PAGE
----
To Connect With Your Audience—Be Yourself
It was 2004, and the former Vice President, Al Gore, had flown into St. Joseph, Missouri to rally the troops on behalf of the Democratic Party’s presidential nominee, John Kerry.
At the time, I was Kerry’s Communications Director in the Show Me State and had prepared a speech for him. While I had never met Gore before, he was incredibly gracious as we went over the speech. He asked questions about local facts and statistics, underlined passages and expressed enthusiasm and gratitude.
As Gore jumped up on stage, cheers erupted from the audience. Then the Veep started talking—more like riffing. He wasn’t just off the page; he was full on extemporaneous. Fifteen minutes into the speech, I hadn’t heard a single word I’d written. Apparently, he did this all the time.
And it worked. Gore was awesome. The crowd was going crazy. One minute they were cracking up and the next minute they were shouting rally cries in unison. For 45 minutes, Gore improvised. And as they say in the world of stand-up: He killed.
Listening to Gore, I was reminded of Senate and House candidates I had worked for who had totally mangled speeches I’d written for them. It’s a painful thing to watch.
And Gore had the same problem when he was a national candidate. As soon as the red camera light flickered, he seemed scripted and wooden. But when you met him in person, or even watched him on a talk show or presenting during his Oscar-winning documentary, he was a different guy.
The reason, of course, is because when you don’t feel scripted, you communicate more naturally. Gore didn’t need my speech. He had it covered all by himself—because he was fully at ease in that particular venue. Not a candidate. Just Al Gore.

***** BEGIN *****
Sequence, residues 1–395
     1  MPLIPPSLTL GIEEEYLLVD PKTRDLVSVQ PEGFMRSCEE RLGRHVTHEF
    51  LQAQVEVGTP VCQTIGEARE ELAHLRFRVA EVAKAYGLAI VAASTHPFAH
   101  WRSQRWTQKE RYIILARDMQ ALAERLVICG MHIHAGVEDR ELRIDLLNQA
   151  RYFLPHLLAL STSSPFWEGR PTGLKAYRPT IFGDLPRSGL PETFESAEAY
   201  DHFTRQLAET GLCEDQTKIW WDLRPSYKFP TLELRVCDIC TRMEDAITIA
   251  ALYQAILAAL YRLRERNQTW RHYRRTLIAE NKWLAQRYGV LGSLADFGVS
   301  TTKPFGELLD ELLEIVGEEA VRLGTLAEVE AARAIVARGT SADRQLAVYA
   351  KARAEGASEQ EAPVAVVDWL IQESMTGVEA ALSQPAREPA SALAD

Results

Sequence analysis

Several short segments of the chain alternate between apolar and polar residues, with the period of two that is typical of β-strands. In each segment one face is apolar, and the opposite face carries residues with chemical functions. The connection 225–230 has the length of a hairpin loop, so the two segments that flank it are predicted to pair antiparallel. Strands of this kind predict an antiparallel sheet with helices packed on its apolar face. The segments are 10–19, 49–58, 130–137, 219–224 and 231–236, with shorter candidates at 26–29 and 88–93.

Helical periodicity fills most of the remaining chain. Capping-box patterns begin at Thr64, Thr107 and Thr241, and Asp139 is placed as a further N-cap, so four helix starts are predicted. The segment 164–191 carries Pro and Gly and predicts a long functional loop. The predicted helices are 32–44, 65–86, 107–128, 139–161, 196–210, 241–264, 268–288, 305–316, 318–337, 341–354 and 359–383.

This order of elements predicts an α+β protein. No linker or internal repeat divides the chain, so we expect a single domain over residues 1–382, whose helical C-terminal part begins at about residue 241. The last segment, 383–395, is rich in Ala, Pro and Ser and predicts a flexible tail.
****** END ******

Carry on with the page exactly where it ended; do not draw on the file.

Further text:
Like anything else, effective public speaking takes practice. And many people aren’t just born with an innate talent for communicating. No matter how nervous or downright scared you might get before speaking to a live audience, authenticity is the key. A polished and error-free presentation is great, but it’s not essential to connecting with your audience.
Here are some tips for connecting with your audience and increasing the power of your message:
- Just breathe. Relaxation leads to expressing yourself in an authentic fashion.
- Be genuine. Smile. Laugh at yourself. Laugh at your mistakes, in real time. You’re only human.
- Be present. Make eye contact – with more than one person.
- Gesture with purpose – avoid being stiff. A powerful stance will help you stay grounded and confident.
- Be like Al: allow yourself to go off script.
- And prepare for questions – you’re the expert, show it.
Remember, those eyes and ears out there are attached to actual people, just like you. When they see some of themselves in the “expert” or “authority” speaking to them, it’s comfortable. It’s relatable. And that’s the real connection.